skip to main content

Title: Super Stable Pollution Gas Sensor Based on Functionalized 2D Boron Nitride Nanosheet Materials for High Humidity Environments
We report on studies of new gas sensing devices to be used in high humidity environments. Highly thermal-stable, super hydrophobic 2-dimensional (2D) boron nitride nanosheets (BNNSs) functionalized with Pt nanoparticles were prepared and used as an active layer for the prototype. The morphologic surface, crystallographic structures and chemical compositions of the synthesized 2D materials were characterized by using optical microscope, scanning electron microscope (SEM), transmission electron microscope (TEM) and atomic force microscope (AFM) and Raman scattering, respectively. The experimental data reveals that high-quality BNNSs were prepared. A pair of Au electrodes were combined with a basic electrical circuit and the 2D sensing material to form high-performance gas sensors for the detection of pollution gases. The present structure is simple and the fabrication is easy and fast, which ensures the creation of a low-cost prototype with harsh (high humidity, high temperature) environment resistance and potential for miniaturization. The responses of the prototype to different target gases with different concentrations were characterized. The influences of the operating temperature and bias voltage effect on sensing performances were also investigated. The fabricated sensors appear to have high selectivity, high sensitivity and fast response to target gases. The sensing mechanism in the present case is more » attributed to the electron donation from the target gas molecules to the active layer, leading to the change of electrical properties on the surface of BNNS layer. « less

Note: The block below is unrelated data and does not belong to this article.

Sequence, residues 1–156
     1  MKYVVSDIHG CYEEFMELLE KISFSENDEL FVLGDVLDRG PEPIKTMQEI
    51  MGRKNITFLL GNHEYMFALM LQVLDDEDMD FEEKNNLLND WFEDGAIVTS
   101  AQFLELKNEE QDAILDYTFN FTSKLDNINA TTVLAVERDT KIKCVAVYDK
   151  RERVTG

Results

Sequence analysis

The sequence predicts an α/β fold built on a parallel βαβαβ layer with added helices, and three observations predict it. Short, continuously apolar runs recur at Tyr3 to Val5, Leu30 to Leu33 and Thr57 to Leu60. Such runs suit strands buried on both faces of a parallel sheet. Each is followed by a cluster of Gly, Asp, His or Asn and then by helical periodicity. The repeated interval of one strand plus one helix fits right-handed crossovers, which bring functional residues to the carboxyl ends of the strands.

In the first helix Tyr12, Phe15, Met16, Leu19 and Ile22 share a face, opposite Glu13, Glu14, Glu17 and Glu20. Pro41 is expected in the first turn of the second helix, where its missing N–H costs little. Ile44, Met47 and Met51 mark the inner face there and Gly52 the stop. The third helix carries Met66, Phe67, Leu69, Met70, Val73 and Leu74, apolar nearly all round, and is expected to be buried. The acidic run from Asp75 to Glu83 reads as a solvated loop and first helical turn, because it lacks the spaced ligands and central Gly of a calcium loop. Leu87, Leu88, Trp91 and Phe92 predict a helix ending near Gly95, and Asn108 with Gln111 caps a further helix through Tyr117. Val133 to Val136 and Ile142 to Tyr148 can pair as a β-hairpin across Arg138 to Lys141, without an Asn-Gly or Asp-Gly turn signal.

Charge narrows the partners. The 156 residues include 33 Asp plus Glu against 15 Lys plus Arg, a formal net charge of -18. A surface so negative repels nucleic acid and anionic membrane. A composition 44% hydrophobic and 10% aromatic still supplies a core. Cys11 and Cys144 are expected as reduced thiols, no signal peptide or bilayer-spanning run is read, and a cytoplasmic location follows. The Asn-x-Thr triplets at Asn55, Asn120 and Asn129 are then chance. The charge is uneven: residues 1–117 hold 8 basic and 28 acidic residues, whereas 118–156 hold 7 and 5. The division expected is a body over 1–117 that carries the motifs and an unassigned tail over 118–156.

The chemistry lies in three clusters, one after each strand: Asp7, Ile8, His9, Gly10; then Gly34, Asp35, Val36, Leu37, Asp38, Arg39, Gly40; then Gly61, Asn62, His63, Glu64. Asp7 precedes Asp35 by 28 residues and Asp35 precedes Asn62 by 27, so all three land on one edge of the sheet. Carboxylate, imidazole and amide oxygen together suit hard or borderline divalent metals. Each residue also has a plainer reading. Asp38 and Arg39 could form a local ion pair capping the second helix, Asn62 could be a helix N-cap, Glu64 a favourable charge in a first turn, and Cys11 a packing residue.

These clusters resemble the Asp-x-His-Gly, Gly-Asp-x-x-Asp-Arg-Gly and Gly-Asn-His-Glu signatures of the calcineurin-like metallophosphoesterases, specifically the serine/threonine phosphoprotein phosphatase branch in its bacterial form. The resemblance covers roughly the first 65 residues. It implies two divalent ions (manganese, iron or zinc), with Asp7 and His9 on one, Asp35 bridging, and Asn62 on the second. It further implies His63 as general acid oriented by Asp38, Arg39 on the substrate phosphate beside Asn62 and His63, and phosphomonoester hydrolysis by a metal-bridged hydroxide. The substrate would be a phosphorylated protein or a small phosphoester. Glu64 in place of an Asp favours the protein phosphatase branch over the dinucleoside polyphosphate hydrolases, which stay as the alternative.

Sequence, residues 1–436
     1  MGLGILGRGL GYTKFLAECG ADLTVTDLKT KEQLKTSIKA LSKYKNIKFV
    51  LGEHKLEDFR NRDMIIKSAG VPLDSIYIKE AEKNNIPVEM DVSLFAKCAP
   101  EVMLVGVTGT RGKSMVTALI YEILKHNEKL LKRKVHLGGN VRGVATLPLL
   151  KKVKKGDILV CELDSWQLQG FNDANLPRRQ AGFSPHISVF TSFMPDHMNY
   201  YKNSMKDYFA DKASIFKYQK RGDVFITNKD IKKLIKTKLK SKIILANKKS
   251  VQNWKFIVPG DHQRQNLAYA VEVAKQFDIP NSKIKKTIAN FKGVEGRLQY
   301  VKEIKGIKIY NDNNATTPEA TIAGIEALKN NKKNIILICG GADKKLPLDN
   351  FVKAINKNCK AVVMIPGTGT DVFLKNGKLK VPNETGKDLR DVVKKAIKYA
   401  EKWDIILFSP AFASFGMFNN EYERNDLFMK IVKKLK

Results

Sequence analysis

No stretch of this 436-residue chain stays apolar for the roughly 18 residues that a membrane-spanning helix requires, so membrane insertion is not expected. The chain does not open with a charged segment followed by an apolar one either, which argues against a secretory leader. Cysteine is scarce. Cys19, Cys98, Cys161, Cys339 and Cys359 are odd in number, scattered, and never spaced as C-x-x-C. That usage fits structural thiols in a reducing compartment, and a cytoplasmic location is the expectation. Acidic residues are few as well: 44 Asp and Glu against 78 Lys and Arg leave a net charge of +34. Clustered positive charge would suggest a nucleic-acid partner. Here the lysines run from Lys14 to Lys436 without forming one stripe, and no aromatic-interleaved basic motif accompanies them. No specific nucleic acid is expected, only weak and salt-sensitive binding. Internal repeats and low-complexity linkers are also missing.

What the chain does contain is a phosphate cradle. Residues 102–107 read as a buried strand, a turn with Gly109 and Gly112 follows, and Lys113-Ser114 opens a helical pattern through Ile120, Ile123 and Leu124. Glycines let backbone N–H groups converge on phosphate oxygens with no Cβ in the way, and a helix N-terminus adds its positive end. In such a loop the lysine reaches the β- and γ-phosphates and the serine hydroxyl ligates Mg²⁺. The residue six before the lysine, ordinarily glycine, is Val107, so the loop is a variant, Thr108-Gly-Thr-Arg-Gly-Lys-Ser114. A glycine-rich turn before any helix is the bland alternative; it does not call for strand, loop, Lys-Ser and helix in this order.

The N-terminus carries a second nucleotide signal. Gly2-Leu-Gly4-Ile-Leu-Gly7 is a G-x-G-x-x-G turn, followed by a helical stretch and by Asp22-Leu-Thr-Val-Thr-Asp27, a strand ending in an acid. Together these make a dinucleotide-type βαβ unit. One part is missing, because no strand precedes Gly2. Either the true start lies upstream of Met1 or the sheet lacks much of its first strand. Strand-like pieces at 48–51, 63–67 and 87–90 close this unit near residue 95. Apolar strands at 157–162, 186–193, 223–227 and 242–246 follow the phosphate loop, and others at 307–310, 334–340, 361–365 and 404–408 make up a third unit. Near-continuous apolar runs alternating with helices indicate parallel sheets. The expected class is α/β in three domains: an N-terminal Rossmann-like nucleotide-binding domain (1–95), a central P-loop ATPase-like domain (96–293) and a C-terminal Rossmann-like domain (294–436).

; ;
Award ID(s):
Publication Date:
Journal Name:
Page Range or eLocation-ID:
Sponsoring Org:
National Science Foundation
More Like this
  1. Diamond-based sensors have shown great potential in the past few years due to their unique physicochemical properties. We report on the development of high-performance nitrogen-doped ultrananocrystalline diamond (UNCD) nanowire-based methane (CH4) gas sensors, taking advantage of a large surface-to-volume ratio and a small active area offered by the 1D nanowire geometry. The morphologic surface and crystalline structures of UNCD are also characterized by using scanning electron microscopy (SEM) and Raman scattering, respectively. By using synthesized nanowire arrays combined with 4-pin electrical electrodes, prototypic highly sensitive CH4 gas sensors have been designed, fabricated and tested. Various parameters including the sensitivity, response and recovery times, and thermal effect on the performance of the gas sensor have also been investigated in order to quantitate the sensing ability. Enhanced by the small grain size and porosity of the nanowire structure, fabricated nanowire UNCD sensors demonstrated a high sensitivity to CH4 gas at room temperature down to 2 ppm, as well as fast response and recovery times which are almost 10 times faster than that of regular nanodiamond thin film based sensors.